Peter Vogel Silver Collection
Over the past three issues of Smart Access, I’ve tried to make a case for managing your skills as an investment portfolio that will ensure that you stay employed and do the work that you want to do. This month, I’m going to look at how you can define your skills portfolio.
The first thing that you have to recognize is that your skill portfolio isn’t limited to your technical skills. In last month’s issue I listed some of the members of my skill portfolio: relational database design, VBA, and XML. These are all technical items and are very valuable to me. However, equally valuable are my soft skills: listening, humor, ability to write clearly, and recognizing value in the contributions of others.
Are these skills really valuable? I’ve never had an employer or co-worker not comment on my sense of humor and go on to say how much they appreciate it. I think that laughter is the sound of your brain working in an interesting way. In addition to making a situation more enjoyable, humor helps people think more freely and feel that they’re in a non-threatening environment. There are situations where humor is inappropriate (and I’ve found them), but, in general, my sense of humor is regarded as an asset. Does this mean that you should go out and buy a joke book? The answer is an emphatic "No!" Humor works for me because it fits with my personality and the particular skills that I want to use. For all its lack of technical content, it’s a skill that I consciously nurture.
A good example of the close link between my soft and hard skills can be found between my listening and database design skills. The ability to normalize a database to produce the right data design is valuable and one that I’ve worked to develop. However, a perfectly normalized database that doesn’t have the data that the users need is perfectly useless. As a result, if I wanted to be a successful database designer, I had to learn to actively listen to my clients. This is an area that could still use some improvement, but I’m better than I was.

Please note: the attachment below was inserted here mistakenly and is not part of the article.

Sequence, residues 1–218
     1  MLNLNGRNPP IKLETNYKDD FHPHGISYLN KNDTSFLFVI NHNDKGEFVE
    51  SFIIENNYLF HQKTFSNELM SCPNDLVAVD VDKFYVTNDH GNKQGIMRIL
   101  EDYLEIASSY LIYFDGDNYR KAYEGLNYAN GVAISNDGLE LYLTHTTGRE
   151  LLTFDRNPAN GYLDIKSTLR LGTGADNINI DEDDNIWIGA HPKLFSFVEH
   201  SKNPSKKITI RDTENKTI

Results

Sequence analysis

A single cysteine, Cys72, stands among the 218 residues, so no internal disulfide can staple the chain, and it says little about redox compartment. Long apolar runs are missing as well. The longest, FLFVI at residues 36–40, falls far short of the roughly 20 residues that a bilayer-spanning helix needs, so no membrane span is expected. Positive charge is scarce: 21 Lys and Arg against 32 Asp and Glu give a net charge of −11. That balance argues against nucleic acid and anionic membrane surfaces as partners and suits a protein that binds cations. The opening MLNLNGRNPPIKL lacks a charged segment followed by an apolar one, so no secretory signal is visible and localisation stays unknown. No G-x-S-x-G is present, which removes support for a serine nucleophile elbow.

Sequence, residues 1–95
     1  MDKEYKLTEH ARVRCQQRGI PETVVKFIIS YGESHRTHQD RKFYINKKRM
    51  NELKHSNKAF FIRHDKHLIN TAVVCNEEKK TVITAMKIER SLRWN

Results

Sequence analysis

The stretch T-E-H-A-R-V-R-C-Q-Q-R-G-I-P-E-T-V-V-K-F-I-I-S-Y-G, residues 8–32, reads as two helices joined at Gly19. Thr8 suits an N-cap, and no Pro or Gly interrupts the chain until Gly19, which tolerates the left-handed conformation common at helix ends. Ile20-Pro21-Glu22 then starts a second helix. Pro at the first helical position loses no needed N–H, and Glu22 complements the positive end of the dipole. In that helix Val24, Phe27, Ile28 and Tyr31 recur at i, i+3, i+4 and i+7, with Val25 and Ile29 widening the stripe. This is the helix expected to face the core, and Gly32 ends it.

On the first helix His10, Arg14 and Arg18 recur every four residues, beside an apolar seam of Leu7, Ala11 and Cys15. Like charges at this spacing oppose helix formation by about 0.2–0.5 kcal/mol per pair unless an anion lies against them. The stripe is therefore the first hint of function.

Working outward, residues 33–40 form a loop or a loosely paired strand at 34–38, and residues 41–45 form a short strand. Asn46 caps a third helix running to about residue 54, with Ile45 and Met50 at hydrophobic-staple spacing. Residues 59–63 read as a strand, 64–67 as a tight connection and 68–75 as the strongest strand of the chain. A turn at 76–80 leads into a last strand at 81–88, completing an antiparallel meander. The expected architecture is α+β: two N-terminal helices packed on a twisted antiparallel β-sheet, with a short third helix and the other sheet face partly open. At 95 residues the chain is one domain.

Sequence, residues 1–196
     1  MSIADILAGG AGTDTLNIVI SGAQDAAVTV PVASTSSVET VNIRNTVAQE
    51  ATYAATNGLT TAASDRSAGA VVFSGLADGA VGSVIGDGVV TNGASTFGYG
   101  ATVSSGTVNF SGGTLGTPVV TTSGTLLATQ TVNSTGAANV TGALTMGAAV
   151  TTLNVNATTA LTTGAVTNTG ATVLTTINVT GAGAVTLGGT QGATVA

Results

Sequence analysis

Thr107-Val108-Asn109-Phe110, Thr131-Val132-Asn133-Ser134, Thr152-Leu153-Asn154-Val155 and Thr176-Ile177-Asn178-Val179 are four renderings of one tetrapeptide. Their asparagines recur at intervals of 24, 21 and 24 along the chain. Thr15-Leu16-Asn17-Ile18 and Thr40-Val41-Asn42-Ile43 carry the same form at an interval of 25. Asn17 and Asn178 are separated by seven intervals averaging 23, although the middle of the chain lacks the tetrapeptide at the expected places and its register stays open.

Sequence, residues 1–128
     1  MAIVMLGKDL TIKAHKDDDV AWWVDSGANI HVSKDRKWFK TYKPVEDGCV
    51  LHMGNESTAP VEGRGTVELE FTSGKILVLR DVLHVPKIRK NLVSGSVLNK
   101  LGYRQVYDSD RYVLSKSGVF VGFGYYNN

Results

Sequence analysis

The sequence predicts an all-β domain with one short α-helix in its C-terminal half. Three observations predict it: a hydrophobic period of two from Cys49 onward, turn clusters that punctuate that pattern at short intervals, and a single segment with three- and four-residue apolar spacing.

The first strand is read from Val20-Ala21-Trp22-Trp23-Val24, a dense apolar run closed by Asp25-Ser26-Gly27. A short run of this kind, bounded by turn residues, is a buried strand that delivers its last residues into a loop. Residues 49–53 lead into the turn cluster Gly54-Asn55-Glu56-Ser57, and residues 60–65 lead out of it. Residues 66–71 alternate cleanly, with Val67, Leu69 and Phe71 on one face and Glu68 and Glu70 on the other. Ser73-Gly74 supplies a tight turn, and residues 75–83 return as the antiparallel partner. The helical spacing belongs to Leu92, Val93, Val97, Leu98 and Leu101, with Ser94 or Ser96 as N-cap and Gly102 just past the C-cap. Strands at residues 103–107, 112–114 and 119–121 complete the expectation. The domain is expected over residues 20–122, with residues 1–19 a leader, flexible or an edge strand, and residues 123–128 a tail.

By the way, I’ve seen some masters of listening in action. I was part of a committee charged with selecting a third-party package that would run our whole company. The choice came down to two competing proposals. We had one sales rep in to make a presentation and he did a wonderful job. However, we gave the contract to the other sales rep because, in his presentation, we did most of the talking. The second sales rep spent most of his time getting from us what we needed, and he did that by simply sitting and listening. Was this skill an asset to him? You bet, and some day I hope to do as well.
You can’t develop all of the skills to do everything. For instance, I’ve recognized that I have glaring weaknesses in project management and administration. While I suppose it’s possible that I could have made improvements in these areas, I decided to abandon them instead. I quit my job as supervisor for a systems department and, when I started my own consulting firm, my wife signed on as our company’s general manager. I decided that I’m in the guru business, not the project delivery business.
So, when you’re looking at your skills portfolio, you need to decide what you want to do. Observe yourself at work: When do you feel most empowered? What successes give you the most satisfaction? Once you’ve identified these areas, you can start looking for the kind of jobs that will let you play to these strengths. You can then decide which items in your skills portfolio are relevant to doing those jobs. With these thoughts in mind, you can begin building up your weaker areas to become a wizard in the work that you want to do.
A technique that I use in understanding my skills portfolio is to develop a skills map. In a skills map, I try to diagram the relationship between the various skills that I own (or would like to own). In my skills map, for instance, database design is linked to knowledge of SQL, listening skills, business understanding, and expertise with the particular DBMS that my client is using. With a skill map built, my next step is to assess my competence in each of the skills. While this could get quite complicated, in general all you want to do is recognize which skill you’re weakest in and figure out how you can improve it.
You could take your chances with your career, but if you want to make sure that you’re doing what you really want to do, you’ll need to manage it.
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